The Price of Dreams

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Chapter Twenty-Two

Nina spotted the crowd soon enough, nearly forty people, almost all of them Tatars, standing together half-way along platform three. Many of them greeted her with hugs and kisses. She knew only a few of them but everyone knew her. She had been a legendary figure among Ksord-Akhtarian dissidents ever since the day she marched into KGB headquarters and lodged an official complaint that the officers who were following her were drunk.

The train pulled in after another ten minutes, by which time the crowd had more than trebled in size, making it the largest crowd that had greeted any dissident so far.

The police glowered at them and station guards nagged them to make sure they left enough space for the other passengers to get past, but that did nothing to dampen everyone’s excitement.

‘There they are,’ the cry went up. ‘Yakub Bovin! Yakub Bovin!’

Yakub and Marta Bovin, the one a Tatar, the other a Ksord, had stepped off the train. Nina was quite shocked by how old Yakub looked after his latest spell in a labour camp. He was painfully thin, and what little hair he had left had gone white. Marta looked young enough to be his daughter, and the weight she had lost had given her back some of the glamour of her youth.

The crowd surged towards them, and Yakub and Marta were lost in a flurry of hugs and kisses. It was some time before Nina got a chance to embrace and kiss Yakub herself.

‘You’re looking well,’ he said. ‘A bit skinny, though.’

‘Look who’s talking.’

In an instant Yakub was swept away again. Nina found Marta, and they hugged each other with tears in their eyes.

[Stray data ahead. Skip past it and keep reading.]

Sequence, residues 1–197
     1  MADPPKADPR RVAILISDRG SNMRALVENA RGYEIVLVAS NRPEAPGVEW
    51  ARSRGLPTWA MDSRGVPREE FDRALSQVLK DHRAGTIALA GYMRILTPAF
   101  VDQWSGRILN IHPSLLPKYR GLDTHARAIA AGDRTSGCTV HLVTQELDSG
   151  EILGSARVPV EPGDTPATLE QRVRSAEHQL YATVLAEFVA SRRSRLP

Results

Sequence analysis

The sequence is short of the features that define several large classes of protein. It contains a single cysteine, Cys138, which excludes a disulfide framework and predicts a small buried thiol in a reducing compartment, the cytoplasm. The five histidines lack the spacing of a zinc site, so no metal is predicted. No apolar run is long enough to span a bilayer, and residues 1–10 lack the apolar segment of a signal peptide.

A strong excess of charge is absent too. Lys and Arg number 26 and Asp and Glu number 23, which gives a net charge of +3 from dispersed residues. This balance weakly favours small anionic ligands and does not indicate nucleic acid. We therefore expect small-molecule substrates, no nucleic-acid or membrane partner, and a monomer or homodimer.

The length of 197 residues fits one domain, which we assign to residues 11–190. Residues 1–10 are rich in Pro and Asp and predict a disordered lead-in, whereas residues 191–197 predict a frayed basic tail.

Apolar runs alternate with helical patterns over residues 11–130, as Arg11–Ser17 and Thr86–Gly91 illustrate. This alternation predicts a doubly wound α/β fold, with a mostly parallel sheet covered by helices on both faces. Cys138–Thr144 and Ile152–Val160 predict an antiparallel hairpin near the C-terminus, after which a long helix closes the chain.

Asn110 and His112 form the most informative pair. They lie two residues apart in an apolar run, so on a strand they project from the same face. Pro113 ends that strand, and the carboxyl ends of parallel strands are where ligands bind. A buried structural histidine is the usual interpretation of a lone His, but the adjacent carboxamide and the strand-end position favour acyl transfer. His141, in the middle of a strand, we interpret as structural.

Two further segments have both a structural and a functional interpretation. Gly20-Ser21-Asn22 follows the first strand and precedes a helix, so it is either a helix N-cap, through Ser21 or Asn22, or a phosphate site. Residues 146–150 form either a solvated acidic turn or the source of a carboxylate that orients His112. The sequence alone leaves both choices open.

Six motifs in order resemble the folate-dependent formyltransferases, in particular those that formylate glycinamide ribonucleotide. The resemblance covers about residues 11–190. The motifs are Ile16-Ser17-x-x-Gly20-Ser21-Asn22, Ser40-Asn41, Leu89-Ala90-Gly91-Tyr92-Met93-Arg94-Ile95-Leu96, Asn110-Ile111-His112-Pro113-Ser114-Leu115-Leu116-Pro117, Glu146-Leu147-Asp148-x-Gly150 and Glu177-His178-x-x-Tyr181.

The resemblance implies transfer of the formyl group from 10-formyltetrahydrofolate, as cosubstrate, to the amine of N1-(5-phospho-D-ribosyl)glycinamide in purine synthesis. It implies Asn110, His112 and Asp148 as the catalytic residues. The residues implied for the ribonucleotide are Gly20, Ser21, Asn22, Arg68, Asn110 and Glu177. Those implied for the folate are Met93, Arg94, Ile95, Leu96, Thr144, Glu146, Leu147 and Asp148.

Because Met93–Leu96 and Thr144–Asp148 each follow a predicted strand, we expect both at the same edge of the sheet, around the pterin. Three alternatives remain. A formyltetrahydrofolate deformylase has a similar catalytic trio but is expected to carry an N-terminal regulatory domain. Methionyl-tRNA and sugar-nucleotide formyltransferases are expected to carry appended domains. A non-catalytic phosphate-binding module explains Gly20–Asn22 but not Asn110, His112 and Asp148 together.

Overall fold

‘Have you been okay?’ Nina asked.

‘God’s nails, it was hell, but I’ve survived. And you?’

‘Same as you, I’ve survived. How was the journey?’

‘Long, but I’ve been on the same train as Yakub since Kazan, so that made it bearable.’

Nina grinned.

‘Don’t look at me like that.’

They burst out laughing.

‘It’s so good to see you again, Marta.’

‘You too, Nina. So when did you get back?’

‘Six weeks ago.’

‘Six weeks? How did you manage that?’

‘I flew.’

‘What? You’re joking.’

‘No. I had help. Do you know Leila Meipariani?’

‘No?’

‘She’s a singer. She flew out to Siberia and brought me back by plane.’

‘Wow, lucky you. I didn’t know you knew any singers.’

‘I don’t. Well, I do now.’

‘So what’s the connection?’

‘She knows Ruslan.’

‘Ruslan? Are you in touch with him?’

Nina shook her head. ‘He’s living in England now.’

‘Really?’

‘Yes. In any case, he’s married. I’ll be keeping out of the way.’

‘Is it true he got gold in the Olympics?’

‘Yes.’

‘That’s fantastic.’

‘Yes, I’m really pleased for him. A bit less pleased about his marriage, though.’

‘I thought you were over him.’

‘I am. It’s just who he married.’

Marta looked nonplussed.

‘Remember that Akhtarian girl the year before he started going out with me?’

‘I don’t think I ever met her.’

‘You didn’t. Well he’s gone and married her.’

‘Let him go, Nina.’

‘Don’t worry, I already have. I just wish it wasn’t her. She was before me, you see, so I’ve been relegated from tragic lost love to unfortunate incident.’